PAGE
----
How Does Laundry Stripping Work?
In laundry stripping, detergent, fabric softener, and built-up soil are removed by soaking the clothes in hot water overnight and using a chemical solution. First appearing on social media, this technique is often done in the bathtub, allowing you to see how the soaking water slowly becomes dark and murky as the fabric is stripped. While satisfying to see, laundry stripping is not safe for all fabrics and shouldn’t be necessary if laundry is done correctly. Read on to find out how to safely strip your laundry and when to avoid it altogether.
Laundry Stripping: Does it Work?
Laundry stripping's effectiveness is due to its chemical solution of Borax, washing soda and powder detergent along with additional hot water. There is no doubt that this method will break down accumulated dirt on clothes, but it may also leach out dye and natural oils from the fabric. Check the care tag on your item before using this method to make sure it can handle a hot water soak.
When you are stripping laundry, a lot of what you are seeing is leftover detergent and fabric softener, which build up on fibres over time and may cause dirt to stick to the fabric. It's easy to use too much laundry detergent or fabric softener and build-up can be avoided by simply adding less.
YOU MAY ONLY NEED A TABLESPOON OF DETERGENT
Make sure you read the instructions on the detergent bottle and on your washing machine. For a normal load, you probably only need to add one tablespoon of detergent, according to the detergent cap. Using the entire cap could mean you use ten times as much detergent as you really need.
Laundry Stripping: Is Safe For All Laundry?
No. Most fabrics, if not all, should not be stripped in the washer. Light-colored towels and sheets can be successfully stripped. The larger, bulkier nature of towels and sheets makes them more likely to have detergent buildup that washes out partially in the washing machine.
This technique should not be used on the following types of laundry:
- Dark fabrics. Using hot water in this method may cause the dyes to run.
- Exercise clothes. Laundry stripping solution PH affects spandex in particular, causing it to degrade over time.
- Wool. The lanolin in wool provides the fiber with protection, but will be removed when it is processed using this method.
- Cold-water clothes. Don't use this method for items that can't be washed in hot water; check the care label.
Towels and Other linens: How Do I Strip Them?
Maytag recommends not using the extended soak method in your washer since it's hard to predict how the laundry stripping solution will affect your washer over time. In lieu of the full laundry stripping process, try soaking your clothes in hot water and traditional detergent before rinsing your clothes rather than running them through the washing machine.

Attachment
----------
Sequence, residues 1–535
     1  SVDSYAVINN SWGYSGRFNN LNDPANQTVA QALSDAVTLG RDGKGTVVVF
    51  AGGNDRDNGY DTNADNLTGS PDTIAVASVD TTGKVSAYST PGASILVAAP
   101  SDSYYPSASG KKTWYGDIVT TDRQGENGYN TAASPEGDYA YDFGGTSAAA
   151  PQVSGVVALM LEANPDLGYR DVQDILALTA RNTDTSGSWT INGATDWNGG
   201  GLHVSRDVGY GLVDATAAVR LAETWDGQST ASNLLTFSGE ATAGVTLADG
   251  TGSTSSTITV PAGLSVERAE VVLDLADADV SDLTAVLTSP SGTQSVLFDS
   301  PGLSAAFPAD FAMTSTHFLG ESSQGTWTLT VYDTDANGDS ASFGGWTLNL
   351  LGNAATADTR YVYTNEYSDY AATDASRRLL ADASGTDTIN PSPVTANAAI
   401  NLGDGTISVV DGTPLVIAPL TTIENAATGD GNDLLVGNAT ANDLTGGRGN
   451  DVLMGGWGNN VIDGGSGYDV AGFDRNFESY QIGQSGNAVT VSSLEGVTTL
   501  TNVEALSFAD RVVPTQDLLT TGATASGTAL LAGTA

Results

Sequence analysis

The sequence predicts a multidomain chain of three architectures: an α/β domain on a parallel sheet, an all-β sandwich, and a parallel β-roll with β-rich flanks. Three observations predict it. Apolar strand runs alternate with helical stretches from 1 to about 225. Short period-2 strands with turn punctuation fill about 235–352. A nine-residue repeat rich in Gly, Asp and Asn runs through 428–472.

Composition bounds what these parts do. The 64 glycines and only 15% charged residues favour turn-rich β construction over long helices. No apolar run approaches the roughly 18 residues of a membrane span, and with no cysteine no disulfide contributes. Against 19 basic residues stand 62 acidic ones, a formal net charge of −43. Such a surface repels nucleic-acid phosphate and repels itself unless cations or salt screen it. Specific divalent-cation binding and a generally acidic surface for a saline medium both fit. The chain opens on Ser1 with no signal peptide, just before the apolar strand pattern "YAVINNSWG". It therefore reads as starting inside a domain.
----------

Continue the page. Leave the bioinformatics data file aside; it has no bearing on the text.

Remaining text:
Fill your tub or a large bucket with hot water.
Mix in 1/4 cup of Borax, 1/4 cup of washing soda and 1 cup of powdered laundry detergent.
Soak clothes in the solution and stir them.
Soak the clothes overnight while stirring them occasionally.
Drain the tub or bucket. Rinse clothes in your washing machine on a rinse only cycle or by hand until the water runs clear.
Dry clothes as usual.
When Should I Strip My Laundry?
You should not use this method more than a few times per year to protect fabrics. If you wash these items regularly in hot water with the right amount of detergent and/or additives, there shouldn't be enough build-up to warrant this step, especially if you use fabric softener and detergent boosters.
The best way to tell if a fabric needs stripping is to feel it. Are they sticky to the touch? Do your towels lack softness and absorbency? Colour and odour are other signs. Does the colour of your sheets seem dull or do they smell old? Only strip the items that need it.
Is It Possible To Avoid Build-Up On Clothes?
Yes. Some of these techniques can help prevent laundry stripping by preventing build-up from occurring in the first place:
- Reduce the amount of detergent and fabric softener you use. Overusing these products is very common. Check the bottle for suggestions on how much to use, or check your washer for a feature that automatically dispenses the right amount of detergent, like the Optimal Dose Dispenser by Maytag. Maytag also recommends ultra-concentrated detergent like Swash™, that offers a Precision Pour Cap to prevent over pouring and waste.1
- Include an extra rinse in your cycle.
- Do not mix detergent and fabric softener when adding products manually. It can create a “sludge” that builds up on clothes. Fabric softener should be added during the final rinse of the cycle.
- Do not use fabric softener when washing towels or workout clothes. Learn more about the do’s and don'ts of fabric softener.
- Do not fill the washer more than 3/4 full. If the washer is too tightly packed, you may not be getting a proper final rinse.
1. Swash and Maytag are owned and distributed by Whirlpool Corporation.